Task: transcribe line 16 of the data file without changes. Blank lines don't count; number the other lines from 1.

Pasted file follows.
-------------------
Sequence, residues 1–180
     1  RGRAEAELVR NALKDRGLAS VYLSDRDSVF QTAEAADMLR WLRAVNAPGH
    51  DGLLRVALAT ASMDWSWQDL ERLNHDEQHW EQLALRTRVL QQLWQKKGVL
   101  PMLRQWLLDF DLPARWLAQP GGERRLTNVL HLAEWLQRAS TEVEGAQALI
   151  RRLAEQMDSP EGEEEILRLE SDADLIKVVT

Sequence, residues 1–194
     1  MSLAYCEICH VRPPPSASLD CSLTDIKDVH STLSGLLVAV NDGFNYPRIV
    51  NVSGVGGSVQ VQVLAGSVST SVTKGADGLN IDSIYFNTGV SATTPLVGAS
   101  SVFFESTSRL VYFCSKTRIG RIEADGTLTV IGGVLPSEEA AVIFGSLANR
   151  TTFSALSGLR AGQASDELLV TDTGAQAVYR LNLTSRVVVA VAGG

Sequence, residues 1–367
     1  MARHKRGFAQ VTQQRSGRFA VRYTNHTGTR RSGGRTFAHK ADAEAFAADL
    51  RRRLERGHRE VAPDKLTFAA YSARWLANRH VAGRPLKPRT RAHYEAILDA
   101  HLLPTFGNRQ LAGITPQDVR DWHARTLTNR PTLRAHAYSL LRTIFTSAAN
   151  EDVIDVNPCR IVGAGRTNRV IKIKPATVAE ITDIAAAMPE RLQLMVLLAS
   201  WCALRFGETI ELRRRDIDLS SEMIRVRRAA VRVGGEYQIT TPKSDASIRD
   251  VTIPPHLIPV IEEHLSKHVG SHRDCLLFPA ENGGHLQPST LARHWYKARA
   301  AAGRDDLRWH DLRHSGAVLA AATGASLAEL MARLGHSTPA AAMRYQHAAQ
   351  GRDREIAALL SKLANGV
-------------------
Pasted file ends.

   201  WCALRFGETI ELRRRDIDLS SEMIRVRRAA VRVGGEYQIT TPKSDASIRD